World Gone Mad: Content Farm Trumps Leading Magazine

My daily blog post today on CharterWave is a scathing review of an article in the current issue of SmartMoney, the magazine of The Wall Street Journal. This magazine from one of the most prestigious brands in journalism has published an article about yacht charter (my primary area of expertise) that is incomplete, misleading, and downright irresponsible. Basic standards of journalism, it seems, no longer apply to titles that win National Magazine Awards.

As I was tossing my hard copy of that article into the garbage, I scanned my e-mail in-box. It contained a Google News Alert directing me to a new article about yacht charter from Associated Content.

“Great,” I thought. “Now I’m going to have an aneurysm.”

Associated Content is a “content farm” that uses search algorithms to determine what online readers are seeking, and then pays freelance writers paltry sums to churn out SEO-friendly articles. What I might have earned, say, $750 to write for a reputable magazine based on my years of experience and expertise, a content farm like Associated Content or Demand Media will pay a random freelancer as little as $15 to produce. These companies make it impossible for expert writers to earn a living, and instead turn content into a commodity produced by the lowest bidder.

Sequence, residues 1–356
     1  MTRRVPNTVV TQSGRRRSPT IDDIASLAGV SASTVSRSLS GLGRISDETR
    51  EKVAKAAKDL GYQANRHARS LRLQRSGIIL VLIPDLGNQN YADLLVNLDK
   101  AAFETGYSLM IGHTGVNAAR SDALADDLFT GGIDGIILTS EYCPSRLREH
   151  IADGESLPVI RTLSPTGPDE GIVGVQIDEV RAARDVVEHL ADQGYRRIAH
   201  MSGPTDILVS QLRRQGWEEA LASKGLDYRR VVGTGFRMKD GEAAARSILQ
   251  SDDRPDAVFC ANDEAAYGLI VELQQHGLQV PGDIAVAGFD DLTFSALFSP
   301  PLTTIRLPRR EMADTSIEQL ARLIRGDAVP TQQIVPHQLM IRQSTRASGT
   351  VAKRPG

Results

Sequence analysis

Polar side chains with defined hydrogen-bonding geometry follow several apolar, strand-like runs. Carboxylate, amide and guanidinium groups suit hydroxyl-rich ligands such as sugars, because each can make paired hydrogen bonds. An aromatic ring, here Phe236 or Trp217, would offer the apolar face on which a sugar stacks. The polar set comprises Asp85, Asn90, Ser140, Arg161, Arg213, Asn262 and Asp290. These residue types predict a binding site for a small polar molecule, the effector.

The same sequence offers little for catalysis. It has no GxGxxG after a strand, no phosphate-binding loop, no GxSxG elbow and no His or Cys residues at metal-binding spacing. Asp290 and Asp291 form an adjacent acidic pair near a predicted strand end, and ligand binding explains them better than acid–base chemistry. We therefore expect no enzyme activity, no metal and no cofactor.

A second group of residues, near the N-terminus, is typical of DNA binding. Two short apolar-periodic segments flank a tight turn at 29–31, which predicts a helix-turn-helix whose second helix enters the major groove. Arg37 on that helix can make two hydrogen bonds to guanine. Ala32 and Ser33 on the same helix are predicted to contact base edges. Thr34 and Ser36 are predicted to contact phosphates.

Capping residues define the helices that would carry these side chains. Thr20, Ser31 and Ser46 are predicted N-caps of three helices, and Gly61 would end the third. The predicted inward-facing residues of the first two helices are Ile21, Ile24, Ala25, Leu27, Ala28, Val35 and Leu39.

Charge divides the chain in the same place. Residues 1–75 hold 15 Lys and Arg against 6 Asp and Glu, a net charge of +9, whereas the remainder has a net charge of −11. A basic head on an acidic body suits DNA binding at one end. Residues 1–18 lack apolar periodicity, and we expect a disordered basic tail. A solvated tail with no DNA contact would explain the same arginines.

So I clicked over to the Associated Content article about yacht charter with serious trepidation, read through it, and determined that it is—accurate, informative, and excellent. I even linked to it for my CharterWave readers. It was exactly the opposite of the SmartMoney article from the prestigious publisher that had probably paid its writer a very good wage, even though she produced four pages of junk.

My 20-year understanding of the world of journalism seems upside-down. Today, at least, the content farm trumped The Wall Street Journal organization in terms of accuracy, competence, and usefulness to readers.

I think I’ll go eat a brownie, drink a barrel of red wine, and pass out on the couch. Maybe the standard rules of the universe have flip-flopped, and debauchery is the new path to becoming thin, healthy, and successful. I might as well take advantage while I still earn enough as a writer to buy decent pinot noir…

One comment

  1. It’s great to know that there IS good content coming out of content farms (although sad that good work can command probably less than minimum wage.) Those examples, however, are few and far between.

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